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Please Pray for Me, I'm in D.C.


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The annual National Prayer Breakfast in Washington, D.C., is not for the easily annoyed or enochlophobic. Nor is it a place where you can save a seat for a friend.

After interviewing Dina Dwyer-Owens for a story on values to run in the March issue, I asked the co-chair of The Dwyer Group if I’d see her at the Prayer Breakfast the next weekend. It seemed plausible at the time that we might run into each other, but once you’ve rolled out of bed at 4:15 a.m. in order to catch a ride across town before police closed off streets, showed your ID and trudged through a metal detector along with 4,000 other people, you realize table hopping isn’t on the menu.

Getting to the Washington Hilton from the JW Marriott (a sentimental favorite because of the many IFA events I’ve attended there over the years) was equally eventful. First, I put a toe through my tights (I wish it was as easy to run a 5K as it is to run a pair of tights). Then my liquid foundation spit up, staining my suit. My Plan B attire caused me to look somewhat underdressed. Not cool, because this was a crowd that looked like they were going to a religious prom.

National Prayer Breakfast

Fortunately, our hired car was outside the hotel at 5 a.m. But so was the policeman who had pulled him over. The bellman advised us to take a taxi—something we had assumed would be hard to do when we ordered the car. Later we found out the reason the driver had been pulled over was because he wasn’t licensed for the city of D.C. I was hoping for the sake of this blog it was something more exciting, like murder.

We arrived at the hotel at 5:10; the breakfast started at 7:30. After killing some time at the Coffee Bean & Tea Leaf in the hotel lobby, we went downstairs to wait in line, wearing our nametags. Several men were named Usher, but to my disappointment, not a one of them was the handsome singer on "The Voice."

Phones were allowed inside the banquet room, but we were warned several times not to take photos. Of course, no one paid any attention because the need to take selfies, and thus relegate our life experiences to the background, behind our smiling faces, is too strong.

This annual prayer breakfast was founded 64 years ago by Seattle businessmen as a means to set aside their differences and a way to deal with the tensions and pressures of the public life for business leaders. They took a page from Jesus’ book, and shared a meal. I bet both the businessmen and Jesus didn’t have cold bagels and congealed quiche at their meal. A man we met while waiting for the metal detectors to open told us the overflow room had better food as the reward for giving up a seat in the main dining room. But being in the same room, albeit far away, with the President of the United States was worth forgoing a four-star meal.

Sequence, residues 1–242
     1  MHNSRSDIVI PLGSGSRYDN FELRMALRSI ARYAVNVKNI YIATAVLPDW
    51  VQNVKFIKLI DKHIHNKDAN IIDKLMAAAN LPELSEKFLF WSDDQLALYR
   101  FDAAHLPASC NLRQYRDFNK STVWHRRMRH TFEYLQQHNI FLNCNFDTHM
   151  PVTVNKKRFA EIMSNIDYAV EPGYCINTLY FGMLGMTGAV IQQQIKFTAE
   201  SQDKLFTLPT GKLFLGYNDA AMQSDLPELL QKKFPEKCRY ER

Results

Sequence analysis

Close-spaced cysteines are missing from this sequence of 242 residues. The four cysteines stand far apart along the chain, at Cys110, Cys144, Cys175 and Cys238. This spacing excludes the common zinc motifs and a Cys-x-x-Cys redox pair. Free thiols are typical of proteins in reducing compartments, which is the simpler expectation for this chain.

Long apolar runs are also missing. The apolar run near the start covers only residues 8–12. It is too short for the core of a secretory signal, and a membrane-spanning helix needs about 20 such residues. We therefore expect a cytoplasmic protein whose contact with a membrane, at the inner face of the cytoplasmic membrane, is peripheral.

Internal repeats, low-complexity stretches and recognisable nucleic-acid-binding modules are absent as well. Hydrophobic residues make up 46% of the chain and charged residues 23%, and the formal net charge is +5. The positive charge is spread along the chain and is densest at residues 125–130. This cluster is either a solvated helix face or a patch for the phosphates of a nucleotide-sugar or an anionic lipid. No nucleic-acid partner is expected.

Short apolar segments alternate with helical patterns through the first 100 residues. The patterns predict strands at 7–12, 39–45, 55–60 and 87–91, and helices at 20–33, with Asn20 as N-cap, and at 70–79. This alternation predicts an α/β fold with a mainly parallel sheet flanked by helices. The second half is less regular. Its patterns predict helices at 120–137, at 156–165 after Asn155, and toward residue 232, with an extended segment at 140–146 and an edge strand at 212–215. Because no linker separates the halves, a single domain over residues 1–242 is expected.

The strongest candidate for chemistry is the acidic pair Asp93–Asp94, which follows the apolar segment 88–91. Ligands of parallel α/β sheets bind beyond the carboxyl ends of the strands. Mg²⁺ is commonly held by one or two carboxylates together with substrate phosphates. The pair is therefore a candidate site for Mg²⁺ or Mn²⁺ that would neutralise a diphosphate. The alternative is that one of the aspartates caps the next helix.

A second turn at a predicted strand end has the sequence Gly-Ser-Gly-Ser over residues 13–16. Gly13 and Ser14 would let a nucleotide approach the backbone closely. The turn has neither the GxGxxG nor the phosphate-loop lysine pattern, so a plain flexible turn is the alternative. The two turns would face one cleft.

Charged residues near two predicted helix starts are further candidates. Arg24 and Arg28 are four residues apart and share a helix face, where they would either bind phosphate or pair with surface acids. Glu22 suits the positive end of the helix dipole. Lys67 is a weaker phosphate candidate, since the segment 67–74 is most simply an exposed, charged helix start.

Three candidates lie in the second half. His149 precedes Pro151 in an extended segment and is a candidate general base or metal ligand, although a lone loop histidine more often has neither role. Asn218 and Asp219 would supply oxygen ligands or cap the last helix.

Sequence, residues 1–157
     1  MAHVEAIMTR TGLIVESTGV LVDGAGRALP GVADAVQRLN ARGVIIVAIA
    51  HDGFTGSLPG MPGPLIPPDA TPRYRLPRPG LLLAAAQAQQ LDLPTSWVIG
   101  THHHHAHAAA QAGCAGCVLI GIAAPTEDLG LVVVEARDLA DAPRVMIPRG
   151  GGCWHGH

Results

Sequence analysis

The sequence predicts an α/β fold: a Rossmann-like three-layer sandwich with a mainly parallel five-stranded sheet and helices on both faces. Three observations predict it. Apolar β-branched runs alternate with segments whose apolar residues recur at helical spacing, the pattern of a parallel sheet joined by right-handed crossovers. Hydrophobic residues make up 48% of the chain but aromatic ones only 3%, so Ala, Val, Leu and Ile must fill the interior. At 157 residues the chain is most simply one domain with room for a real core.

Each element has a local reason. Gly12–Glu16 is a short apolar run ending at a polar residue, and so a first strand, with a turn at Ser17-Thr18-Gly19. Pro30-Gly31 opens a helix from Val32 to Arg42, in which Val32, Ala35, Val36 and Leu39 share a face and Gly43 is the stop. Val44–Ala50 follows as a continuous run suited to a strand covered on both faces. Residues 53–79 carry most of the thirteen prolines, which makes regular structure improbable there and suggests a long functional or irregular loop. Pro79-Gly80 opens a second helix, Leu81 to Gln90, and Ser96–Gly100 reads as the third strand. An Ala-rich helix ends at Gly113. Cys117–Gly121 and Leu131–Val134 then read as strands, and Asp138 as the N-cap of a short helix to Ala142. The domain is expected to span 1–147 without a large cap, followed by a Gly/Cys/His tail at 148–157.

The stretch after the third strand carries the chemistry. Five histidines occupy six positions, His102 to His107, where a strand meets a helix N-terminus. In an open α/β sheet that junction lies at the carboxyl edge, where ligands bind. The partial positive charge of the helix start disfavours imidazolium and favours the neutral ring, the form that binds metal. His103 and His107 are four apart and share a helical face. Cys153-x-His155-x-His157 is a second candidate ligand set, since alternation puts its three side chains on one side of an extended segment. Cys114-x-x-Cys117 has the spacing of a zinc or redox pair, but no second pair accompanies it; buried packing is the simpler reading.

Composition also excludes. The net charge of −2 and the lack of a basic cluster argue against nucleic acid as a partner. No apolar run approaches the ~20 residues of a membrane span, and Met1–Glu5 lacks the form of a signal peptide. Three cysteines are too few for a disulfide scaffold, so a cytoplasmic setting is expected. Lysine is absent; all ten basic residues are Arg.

The event is now a by-invitation-only Congressional event. Speaker of the House Paul Ryan gave a brief introduction and Minority Leader of the House Nancy Pelosi did the scripture reading. The angelic tenor, Andrea Bocelli, performed both the opening and closing songs. While President Obama was the true keynoter, husband-and-wife TV producers Mark Burnett and Roma Downey talked about their faith and the making of "The Bible" for television. They also produce "The Voice" (so maybe Usher really was there), and Downey played the angel with an Irish brogue in "Touched by an Angel."

“I’m the only man here who can say he really has been touched by an angel,” Burnett quipped.

This was Obama’s final breakfast as commander in chief. His message was that faith is a great cure for fear. The United States has always faced turbulent times and dealt with our fear in courageous ways. There’s a need, he said, for us all to stand up not only to our enemies, but sometimes to our friends and do what’s right.

Republicans, no doubt, liked the prayer expressed by Obama: “Less of me; more of God.”

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The latest news, opinions and commentary on what's happening in the franchise arena that could affect your business.

Tom KaiserTom Kaiser is associate editor of Franchise Times. He can be reached at 612.767.3209, or send story ideas to tkaiser@franchisetimes.com.
 
Beth EwenBeth Ewen is editor-in-chief of Franchise Times. She can be reached at 612.767.3212, or send story ideas to bewen@franchisetimes.com.
 
Nicholas UptonNicholas Upton is staff writer at Franchise Times. He can be reached at 612.767.3226, or send story ideas to nupton@franchisetimes.com.
 
Mary Jo LarsonLaura Michaels is managing editor of Franchise Times. She can be reached at 612.767.3210, or send story ideas to lmichaels@franchisetimes.com.
 
Mary Jo LarsonMary Jo Larson is the publisher of Franchise Times Magazine and the Restaurant Finance Monitor.  You can find her on Twitter at
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Nancy WeingartnerNancy Weingartner is editor-at-large of Franchise Times magazine and the editor of the Food On Demand media project. You can reach her at 612-767-3200 or at nancyw@franchisetimes.com.
Follow her on Twitter at http://twitter.com/nanweingartner.
 

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